kandy piano

Despite how this looks, I don’t play piano.

 

It wasn’t as if my mother didn’t give me plenty of opportunity. She drug me from teacher to teacher in our little community, trying to find someone who could unlock the potential that she just knew was in my hands.

 

I can remember at least three teachers – maybe four – all an acceptable distance apart, none of whom had heard from the previous one about my lack of determination. 

 

We had a piano at home and I did practice. (I had to. It was my prerequisite before my evening meal.) 

 

I sat day after day in front of the keys, plunking out “Raindrops Keep Falling On My Head” until both Mama and I were drenched. 

 

If I messed up, I started over. The problem always hovered around the same few bars. But somehow practice never made perfect.

 

I never became a virtuoso. 

 

I had great dreams about the piano. Not during the day, but literally at night while asleep. In these dreams, I tickled the keys with a ragtime that would have impressed Scott Joplin himself. 

 

But somehow, it just wasn’t in me. I was never committed enough to play.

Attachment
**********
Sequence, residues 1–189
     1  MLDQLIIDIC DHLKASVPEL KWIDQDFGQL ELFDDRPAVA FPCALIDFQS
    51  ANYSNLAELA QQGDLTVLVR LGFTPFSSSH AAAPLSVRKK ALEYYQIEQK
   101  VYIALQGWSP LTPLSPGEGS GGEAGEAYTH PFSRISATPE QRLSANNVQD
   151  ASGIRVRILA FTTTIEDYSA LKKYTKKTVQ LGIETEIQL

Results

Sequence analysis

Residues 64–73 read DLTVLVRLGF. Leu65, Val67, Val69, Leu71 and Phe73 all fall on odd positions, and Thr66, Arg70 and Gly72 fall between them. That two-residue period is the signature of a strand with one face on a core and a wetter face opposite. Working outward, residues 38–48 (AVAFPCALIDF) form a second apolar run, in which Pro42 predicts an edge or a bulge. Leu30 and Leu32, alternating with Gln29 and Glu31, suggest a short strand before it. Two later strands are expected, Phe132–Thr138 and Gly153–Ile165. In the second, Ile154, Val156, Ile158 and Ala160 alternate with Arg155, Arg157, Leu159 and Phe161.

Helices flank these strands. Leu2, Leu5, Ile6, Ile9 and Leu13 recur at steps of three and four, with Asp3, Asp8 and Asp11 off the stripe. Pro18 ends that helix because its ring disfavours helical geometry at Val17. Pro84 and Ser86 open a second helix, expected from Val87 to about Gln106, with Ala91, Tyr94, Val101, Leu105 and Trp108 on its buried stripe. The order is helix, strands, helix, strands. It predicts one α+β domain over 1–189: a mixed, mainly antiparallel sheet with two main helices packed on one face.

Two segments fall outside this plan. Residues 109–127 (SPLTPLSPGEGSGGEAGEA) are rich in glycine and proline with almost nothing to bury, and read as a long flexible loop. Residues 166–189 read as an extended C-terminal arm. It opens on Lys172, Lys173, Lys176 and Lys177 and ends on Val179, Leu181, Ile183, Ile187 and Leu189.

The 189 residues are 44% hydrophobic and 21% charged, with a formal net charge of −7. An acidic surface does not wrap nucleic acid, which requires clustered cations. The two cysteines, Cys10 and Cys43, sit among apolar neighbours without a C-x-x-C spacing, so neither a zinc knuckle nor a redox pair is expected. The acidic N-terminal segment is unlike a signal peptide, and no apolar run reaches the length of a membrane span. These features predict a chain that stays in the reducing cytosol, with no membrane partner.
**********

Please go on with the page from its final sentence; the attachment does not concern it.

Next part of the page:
I did the bare minimum and fudged with the clock when mother wasn’t looking. And sometime around my 13th birthday, my mother realized it too and the lessons stopped. Honestly, I’ve never regretted it.

 

That said, I love piano geniuses. Vince Guaraldi is my favorite. I have several of his CD’s (including A Charlie Brown Christmas) and listen to them often. His innovative composition and arrangements are always a pick-me-up on a bad day. 

 

I’m pretty sure that Mr. Guaraldi wanted to play more than I did. It’s obvious that he lived and breathed music. Playing the piano delighted him, causing him a deep and peaceful pleasure.

 

If I had resolved to play, I believe I would probably still play today. Some determinations are within reach. 

 

Others, though, are not. 

 

If you are blind, for example, you can be very determined to see, but it may not be realistically within reach. 

 

Take Bartimaeus. He desperately wanted sight (Mark 10:46-48). Jesus Himself even asked him, “What do you want (literal Greek: resolve, determine or purpose) Me to do for you?” (Mark 10:51)

 

No amount of practice could have helped Bart see. He had to have spiritual help.

 

So I wonder, the things that we say we want:

are we really resolved to have them? 

 

Vince Guaraldi was determined to play the piano and so he practiced with passion.

 

What about things of the Spirit? How many of our prayers are we resolved to have? Or do we just rather hope they will happen? 

 

The blind man was resolved to have his sight and so he asked (and kept on asking!) (Mark 10:52)

 

What is something that you think God desires to happen that you have a resolve to pray for until it does

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Other Posts on Persistence:

The Prayer of Preparation

Shadows

Pride and Prayerjudice